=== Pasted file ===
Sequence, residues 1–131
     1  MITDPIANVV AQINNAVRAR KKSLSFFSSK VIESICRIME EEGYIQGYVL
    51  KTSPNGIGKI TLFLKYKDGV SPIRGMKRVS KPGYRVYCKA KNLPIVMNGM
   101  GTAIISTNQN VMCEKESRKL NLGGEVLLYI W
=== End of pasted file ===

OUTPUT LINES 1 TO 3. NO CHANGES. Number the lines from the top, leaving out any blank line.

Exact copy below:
Sequence, residues 1–131
     1  MITDPIANVV AQINNAVRAR KKSLSFFSSK VIESICRIME EEGYIQGYVL
    51  KTSPNGIGKI TLFLKYKDGV SPIRGMKRVS KPGYRVYCKA KNLPIVMNGM